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"The author, an accomplished Kant scholar, is quite right to refer to this work as a detective story. The working hypothesis is that Kierkegaard's understanding of and relationship to Kant and Kantian philosophy is much closer and more positive than is customarily recognized, and that the lack of recognition of this affinity is a result of Kierkegaard's attempts to'obscure the degree of his indebtedness to the German thinker.'
"While much intellectual 'history' in this vein relies merely upon arguments from similarity and superficial comparisons, Green meticulously constructs a plausible historical case for his claims, both that Kierkegaard was intimately familiar with and deeply indebted to Kant's later works in ethics and philosophy of religion, and that Kierkegaard deliberately set about to hide the degree of this indebtedness. Green identifies the works by Kant that Kierkegaard owned and studied, chronicles the points of substantive contact, agreement, and disagreement between the two philosophers, and offers a reinterpretation of some of the most important Kierkegaardian themes in ethics and religion from the standpoint of this hidden indebtedness.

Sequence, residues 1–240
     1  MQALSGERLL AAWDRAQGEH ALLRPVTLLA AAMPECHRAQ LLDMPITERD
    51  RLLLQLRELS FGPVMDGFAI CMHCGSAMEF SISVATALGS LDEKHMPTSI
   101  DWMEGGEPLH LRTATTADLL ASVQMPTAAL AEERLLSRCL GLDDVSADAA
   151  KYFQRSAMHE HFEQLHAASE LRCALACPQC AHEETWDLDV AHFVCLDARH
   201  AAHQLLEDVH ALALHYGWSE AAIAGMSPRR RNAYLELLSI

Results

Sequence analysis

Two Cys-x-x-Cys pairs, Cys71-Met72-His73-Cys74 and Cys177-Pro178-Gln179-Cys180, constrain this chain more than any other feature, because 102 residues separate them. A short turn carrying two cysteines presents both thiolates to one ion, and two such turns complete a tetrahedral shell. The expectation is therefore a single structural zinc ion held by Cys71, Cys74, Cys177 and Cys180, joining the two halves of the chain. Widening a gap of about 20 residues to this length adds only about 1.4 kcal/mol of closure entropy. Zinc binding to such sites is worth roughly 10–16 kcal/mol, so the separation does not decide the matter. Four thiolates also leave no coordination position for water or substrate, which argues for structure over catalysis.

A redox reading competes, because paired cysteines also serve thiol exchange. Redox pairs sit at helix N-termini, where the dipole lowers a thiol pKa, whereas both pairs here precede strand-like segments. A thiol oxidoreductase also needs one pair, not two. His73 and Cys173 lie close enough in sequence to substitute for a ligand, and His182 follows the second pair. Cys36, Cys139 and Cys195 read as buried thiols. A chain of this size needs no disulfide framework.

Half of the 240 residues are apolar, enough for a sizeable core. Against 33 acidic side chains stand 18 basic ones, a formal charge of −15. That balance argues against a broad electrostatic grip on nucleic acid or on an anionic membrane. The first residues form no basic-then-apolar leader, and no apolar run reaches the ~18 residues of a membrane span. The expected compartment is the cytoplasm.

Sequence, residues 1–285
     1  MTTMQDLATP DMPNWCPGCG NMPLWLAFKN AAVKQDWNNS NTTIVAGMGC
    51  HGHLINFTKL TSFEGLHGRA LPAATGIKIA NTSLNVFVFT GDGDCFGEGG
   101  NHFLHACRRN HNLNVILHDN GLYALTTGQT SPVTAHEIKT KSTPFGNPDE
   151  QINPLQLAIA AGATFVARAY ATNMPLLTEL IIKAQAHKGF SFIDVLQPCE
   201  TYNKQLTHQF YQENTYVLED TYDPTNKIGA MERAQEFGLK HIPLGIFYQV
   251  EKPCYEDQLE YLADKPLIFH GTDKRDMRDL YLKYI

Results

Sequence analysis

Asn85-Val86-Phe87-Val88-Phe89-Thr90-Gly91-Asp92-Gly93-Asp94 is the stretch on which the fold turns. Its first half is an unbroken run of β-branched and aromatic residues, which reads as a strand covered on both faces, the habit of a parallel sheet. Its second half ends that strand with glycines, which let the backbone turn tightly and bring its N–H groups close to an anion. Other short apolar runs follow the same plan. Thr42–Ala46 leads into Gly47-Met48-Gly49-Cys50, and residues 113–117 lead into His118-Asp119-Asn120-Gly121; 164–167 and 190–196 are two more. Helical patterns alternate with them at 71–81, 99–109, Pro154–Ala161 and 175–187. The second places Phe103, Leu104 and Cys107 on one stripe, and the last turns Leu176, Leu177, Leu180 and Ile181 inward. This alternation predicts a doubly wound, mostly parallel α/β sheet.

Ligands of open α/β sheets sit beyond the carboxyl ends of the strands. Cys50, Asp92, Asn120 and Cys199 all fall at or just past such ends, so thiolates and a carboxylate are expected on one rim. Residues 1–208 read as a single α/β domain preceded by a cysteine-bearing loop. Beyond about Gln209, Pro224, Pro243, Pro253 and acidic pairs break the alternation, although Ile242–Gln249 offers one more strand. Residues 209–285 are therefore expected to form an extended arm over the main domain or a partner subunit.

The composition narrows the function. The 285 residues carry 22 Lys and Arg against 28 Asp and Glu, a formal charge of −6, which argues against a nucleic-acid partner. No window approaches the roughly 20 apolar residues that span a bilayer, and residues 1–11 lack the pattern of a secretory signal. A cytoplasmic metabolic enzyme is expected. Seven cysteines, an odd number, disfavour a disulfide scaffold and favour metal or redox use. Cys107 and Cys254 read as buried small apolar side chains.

"In sum, this is a work of extraordinary originality, exhibiting the virtues of historical precision, literary grace, and philosophical substance." -- George R. Lucas, Jr. "This work makes an original contribution to Kierkegaard scholarship and to philosophical discussion. Although some commentators have noted certain connections between the work of Kierkegaard and Kant, none has examined the issue in any detail. The complexity of the ideas with which Green works does not create confusing obscurity. Indeed, Green has a rare ability to define tangled issues in an understandable way. The use of the detective analogy to describe his undertaking is not only accurate but points to certain similarities with Kierkegaard's own work." -- Mark C. Taylor
"This book undertakes an exciting project. It dramatically closes the chasm that has divided Kierkegaard and Kant. Some are at home with Kierkegaardian talk of Passion, the Absurd, and 'Leaps of Faith.' But an abyss lies -- or seemed to lie -- between such Kierkegaardians and those 'on the other side' who embrace Kantian Rationality, Science, and Moral Rectitude. Through exhaustive coverage of the primary texts, Green shows definitively that Kierkegaard's infamous views on the 'contradictions' between morality, reason, and faith are mirrored, point by point, in Kant's work. Through Green's detailed exposition, we discover a Kant whose reflection on radical evil creates an antimony not unlike Kierkegaard'
s teleological suspension of ethics; simultaneously, we discover a Kierkegaard who understood and assimilated more of Kant than anyone has hitherto suspected." -- Edward F. Mooney
Ronald M. Green is John Phillips Professor of Religion at Dartmouth College. His previous books include Religious Reason and Religion and Moral Reason.